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Scene Analysis of Scene Seven of "A Streetcar Named Desire" by

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Scene Analysis of Scene Seven of "A Streetcar Named Desire" by Tennessee Williams As a connection to Stanley's questioning Blanche about her affair in the "Hotel Flamingo" in Scene Five, Scene Seven starts with his revelation of Blanche's past life in Laurel. Having "thoroughly checked on [the] stories" (187) about what Blanche has done there, Stanley is confident to nail the "pack of lies" (186) that are used so skilfully to deceive Stella and Mitch - she has never been kissed by a fellow and she quits her job because of her poor nerves. The competition between the two extreme, dominating powers of Blanche and Stanley is one of the main concerns in the development of the play. ...read more.


when she hands the towel to Blanche. In the scene, Williams makes use of the bathing to show us Blanche's dependence on illusion. Through her feeling after the bath - "good and rested" (192), we know that she enjoys staying in her self-illusion and the hot tub (steam) shields her from the cruel and factual reality - the loss of Belle Reve, her beauty, former husband, family members and her failure in her relationship with males. The lyric of the song "It's Only a Paper Moon" is another example of Blanche's dependence on her illusion. In her illusion, the outside world is "just as phony as it can be" (188). ...read more.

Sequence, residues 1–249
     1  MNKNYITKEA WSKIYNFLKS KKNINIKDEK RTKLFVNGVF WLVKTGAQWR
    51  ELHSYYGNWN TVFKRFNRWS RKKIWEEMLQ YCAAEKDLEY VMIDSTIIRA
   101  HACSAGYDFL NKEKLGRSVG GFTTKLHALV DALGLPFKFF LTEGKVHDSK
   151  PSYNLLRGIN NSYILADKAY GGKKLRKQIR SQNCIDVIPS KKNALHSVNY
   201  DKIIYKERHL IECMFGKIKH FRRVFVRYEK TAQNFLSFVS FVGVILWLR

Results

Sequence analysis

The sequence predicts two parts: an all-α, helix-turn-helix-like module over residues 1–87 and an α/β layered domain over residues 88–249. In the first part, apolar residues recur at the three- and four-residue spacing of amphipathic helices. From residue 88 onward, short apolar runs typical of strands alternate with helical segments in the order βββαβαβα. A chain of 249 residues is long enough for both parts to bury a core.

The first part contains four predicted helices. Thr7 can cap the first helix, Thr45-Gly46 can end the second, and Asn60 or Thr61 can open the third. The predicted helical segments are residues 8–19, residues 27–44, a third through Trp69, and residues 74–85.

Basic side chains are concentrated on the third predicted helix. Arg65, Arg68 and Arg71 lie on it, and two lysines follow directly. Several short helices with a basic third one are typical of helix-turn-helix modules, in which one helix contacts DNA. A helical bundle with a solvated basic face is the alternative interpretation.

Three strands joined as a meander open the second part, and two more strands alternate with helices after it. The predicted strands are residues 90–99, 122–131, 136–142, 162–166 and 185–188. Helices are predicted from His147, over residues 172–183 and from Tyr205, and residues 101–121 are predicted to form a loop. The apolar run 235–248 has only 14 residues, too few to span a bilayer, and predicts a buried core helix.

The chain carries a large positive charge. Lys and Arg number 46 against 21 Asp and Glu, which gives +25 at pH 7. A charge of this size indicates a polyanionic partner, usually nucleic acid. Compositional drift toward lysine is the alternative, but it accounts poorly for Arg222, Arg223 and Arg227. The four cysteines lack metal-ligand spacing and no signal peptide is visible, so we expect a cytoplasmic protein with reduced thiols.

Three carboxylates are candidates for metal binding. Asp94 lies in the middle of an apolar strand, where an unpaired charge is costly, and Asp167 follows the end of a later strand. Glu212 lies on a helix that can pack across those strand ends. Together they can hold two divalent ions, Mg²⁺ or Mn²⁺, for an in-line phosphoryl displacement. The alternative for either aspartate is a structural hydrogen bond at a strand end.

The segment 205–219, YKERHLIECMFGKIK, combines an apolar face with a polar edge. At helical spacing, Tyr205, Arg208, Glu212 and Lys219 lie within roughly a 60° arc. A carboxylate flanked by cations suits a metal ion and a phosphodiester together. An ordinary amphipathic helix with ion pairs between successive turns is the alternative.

Williams' use of dramatic irony here presents us with the strong contrast between Blanche's beautiful, phony illusion and the harsh, realistic outside world. The scene plays an important role in the play as Stanley 'regains' his dominating power in the apartment through his cruel destruction of Blanche's illusion. Williams demonstrates us with Stanley's harsh and inconsiderate self - the purchase of a bus-ticket to Laurel definitely shows us his intention to kick Blanche out of the house, which eventually drives her to insanity. His shouting for the use of the bathroom definitely awakens Blanche from her illusion, and brings her back to the cruelty of the reality of the outside world that she is going to face in the latter scenes. ...read more.

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